After reading through about half the comments, apparently I'm the only one who has issues with carrying large baskets of laundry UP stairs. I can appreciate the noise and flooding concerns. And sure, getting the dirty stuff to the basement or first floor is a hassle, sure. (Then again, it's soft and, as long as the cat is watching out, there's little harm in tossing it down the stairs.) It's that trek back up: attempting to fit in the narrow basement stairwell, not lose balance and negotiate the door at the top of the steps that is the FUN part. Guess that's why my husband just chooses to use the basement laundry as his closet...


I'd prefer the master bedroom be on the ground floor - I don't want to have to go up/down stairs so often.

Folks who mentioned using a laundry chute need to remember that clean clothes would then need to be carried back up stairs - could use a "dumb-waiter" though (still have to walk up/down stairs).


I couldn't even get past the first phrase of your description before disagreeing with you. The kitchen must have a window!


Washing machines eventually leak. If you don't notice the leak immediately, you now have a heavy piece of machinery sitting on an upstairs floor that is suffering water damage... CRASH.

Admit it, you're really looking for some way to set up continuous work for subcontractors who'll replace that central piece of flooring.


That is similar to what I've been trying to cook up. My concept is largely based on the set of Good Eats, the one they mostly use for the newer shows. Seems very comfortable and functional.


Why a guy who DRAWS FOR A LIVING would DESCRIBE A FLOOR PLAN WITH TEXT is beyond me.

Jeff G

I generally like the idea. Locating the laundry room upstairs where the noise and leak potential is high isn't necessary - install a laundry chute. It's been done for years.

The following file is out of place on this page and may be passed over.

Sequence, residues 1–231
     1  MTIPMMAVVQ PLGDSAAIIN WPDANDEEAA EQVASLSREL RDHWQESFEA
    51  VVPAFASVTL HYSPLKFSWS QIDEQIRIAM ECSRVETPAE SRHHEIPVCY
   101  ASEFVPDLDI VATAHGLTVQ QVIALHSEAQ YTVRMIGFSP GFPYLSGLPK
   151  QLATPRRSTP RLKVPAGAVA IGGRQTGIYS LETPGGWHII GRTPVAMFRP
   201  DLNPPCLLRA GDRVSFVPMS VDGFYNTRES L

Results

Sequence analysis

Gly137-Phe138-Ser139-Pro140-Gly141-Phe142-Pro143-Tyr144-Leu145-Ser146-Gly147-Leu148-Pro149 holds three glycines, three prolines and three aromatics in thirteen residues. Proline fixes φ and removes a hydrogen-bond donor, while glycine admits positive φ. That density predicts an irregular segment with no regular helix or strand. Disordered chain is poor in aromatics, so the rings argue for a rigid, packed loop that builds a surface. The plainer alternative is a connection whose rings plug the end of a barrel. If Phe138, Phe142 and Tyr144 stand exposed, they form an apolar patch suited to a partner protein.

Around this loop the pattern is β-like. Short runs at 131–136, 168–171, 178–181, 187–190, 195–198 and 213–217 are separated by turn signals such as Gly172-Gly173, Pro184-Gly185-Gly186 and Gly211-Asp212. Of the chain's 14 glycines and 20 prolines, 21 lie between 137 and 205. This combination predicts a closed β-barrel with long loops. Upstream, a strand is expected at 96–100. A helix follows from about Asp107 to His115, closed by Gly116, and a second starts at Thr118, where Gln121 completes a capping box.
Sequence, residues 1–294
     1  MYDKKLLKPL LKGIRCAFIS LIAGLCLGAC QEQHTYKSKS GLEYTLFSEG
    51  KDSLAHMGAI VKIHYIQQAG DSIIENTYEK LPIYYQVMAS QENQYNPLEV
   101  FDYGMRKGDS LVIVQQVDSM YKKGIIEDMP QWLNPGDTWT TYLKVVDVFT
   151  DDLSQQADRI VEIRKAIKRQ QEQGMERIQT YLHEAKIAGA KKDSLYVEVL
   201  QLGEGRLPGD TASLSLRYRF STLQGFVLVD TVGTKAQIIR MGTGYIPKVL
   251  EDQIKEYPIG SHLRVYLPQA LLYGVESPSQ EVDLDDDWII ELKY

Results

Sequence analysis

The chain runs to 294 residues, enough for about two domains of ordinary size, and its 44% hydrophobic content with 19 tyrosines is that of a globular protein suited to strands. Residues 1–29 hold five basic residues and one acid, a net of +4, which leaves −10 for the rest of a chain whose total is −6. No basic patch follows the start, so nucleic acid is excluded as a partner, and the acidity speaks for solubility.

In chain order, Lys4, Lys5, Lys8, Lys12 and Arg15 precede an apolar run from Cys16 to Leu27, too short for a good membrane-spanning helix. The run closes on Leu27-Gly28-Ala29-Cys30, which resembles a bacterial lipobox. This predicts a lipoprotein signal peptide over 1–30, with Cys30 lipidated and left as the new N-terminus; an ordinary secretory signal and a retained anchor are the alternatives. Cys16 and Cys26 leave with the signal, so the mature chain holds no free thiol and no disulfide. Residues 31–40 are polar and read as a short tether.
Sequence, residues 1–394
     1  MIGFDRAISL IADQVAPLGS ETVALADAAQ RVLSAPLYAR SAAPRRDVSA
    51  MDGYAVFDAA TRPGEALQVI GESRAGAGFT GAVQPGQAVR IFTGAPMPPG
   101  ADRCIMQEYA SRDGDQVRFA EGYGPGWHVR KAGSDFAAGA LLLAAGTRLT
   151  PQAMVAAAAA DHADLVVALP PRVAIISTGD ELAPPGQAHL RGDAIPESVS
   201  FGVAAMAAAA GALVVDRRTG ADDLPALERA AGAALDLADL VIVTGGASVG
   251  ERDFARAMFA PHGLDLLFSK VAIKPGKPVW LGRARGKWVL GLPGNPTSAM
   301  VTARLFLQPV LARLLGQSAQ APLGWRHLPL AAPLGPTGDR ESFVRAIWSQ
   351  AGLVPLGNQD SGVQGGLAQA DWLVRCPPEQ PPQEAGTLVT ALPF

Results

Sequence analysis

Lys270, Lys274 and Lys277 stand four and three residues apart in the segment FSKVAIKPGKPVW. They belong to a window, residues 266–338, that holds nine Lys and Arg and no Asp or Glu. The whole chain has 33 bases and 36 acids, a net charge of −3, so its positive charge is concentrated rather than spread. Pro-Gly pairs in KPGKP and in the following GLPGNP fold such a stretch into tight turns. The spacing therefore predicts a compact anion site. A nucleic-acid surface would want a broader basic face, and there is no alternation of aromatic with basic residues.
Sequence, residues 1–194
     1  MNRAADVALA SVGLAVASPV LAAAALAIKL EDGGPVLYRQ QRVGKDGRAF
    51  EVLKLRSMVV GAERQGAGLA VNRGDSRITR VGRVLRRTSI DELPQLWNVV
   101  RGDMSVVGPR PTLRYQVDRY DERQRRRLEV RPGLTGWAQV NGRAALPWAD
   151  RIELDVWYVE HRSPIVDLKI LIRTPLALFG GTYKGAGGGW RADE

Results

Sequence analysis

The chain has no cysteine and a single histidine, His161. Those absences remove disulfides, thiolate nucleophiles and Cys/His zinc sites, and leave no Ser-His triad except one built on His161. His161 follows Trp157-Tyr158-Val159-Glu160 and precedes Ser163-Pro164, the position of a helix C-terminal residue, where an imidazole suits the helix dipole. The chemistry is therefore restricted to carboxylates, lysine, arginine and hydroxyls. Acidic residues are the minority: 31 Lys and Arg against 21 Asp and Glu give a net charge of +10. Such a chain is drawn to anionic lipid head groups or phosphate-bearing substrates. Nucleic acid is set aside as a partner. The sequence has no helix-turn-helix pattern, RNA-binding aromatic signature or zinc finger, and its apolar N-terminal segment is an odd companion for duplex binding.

Unlike a few commenters, I agree with the fact that some room(s) in the front of the house are often under used. Many home designs have a front living room or dining room that is rarely used for anything. Many houses use a "Great Room" format to mitigate the problem, but it's still a problem.

Instead of a storage room, which many families would just convert into an office or bedroom, why not scale the garage such that it can hold two SUVs and still have the depth to store other stuff? The modern definition of a two-car garage will barely hold two Mini's. I'm thrilled to live in a 20-year-old home whose garage can actually store both of our vehicles and quite a bit of our stuff.

I'd also like to see attic storage be cleaner and more accessible from the inside of the house. I'm sure you can work that in to your master plan. :-)


When remodeling we went a few steps further. The “laundry room” is a small bedroom we converted to a closet with washer and dryer, added an exterior door and a vanity. We ran out of room for a toilet though. There are shelves up high sized to fit large totes that are labeled according to contents. Several have different labels on each end, they contain seasonal decorations or clothing. One wall has a door to the master bedroom. The other wall is common to the main bathroom and has a laundry and linen closet common to both rooms. There is also a door to the living room. The living room has the dining table in it as well as TV and such. The kitchen is open to the living room and the main bathroom is right between them on a common wall. You can see and walk directly to almost any part the the main floor from any other part and all amenity's are on one floor.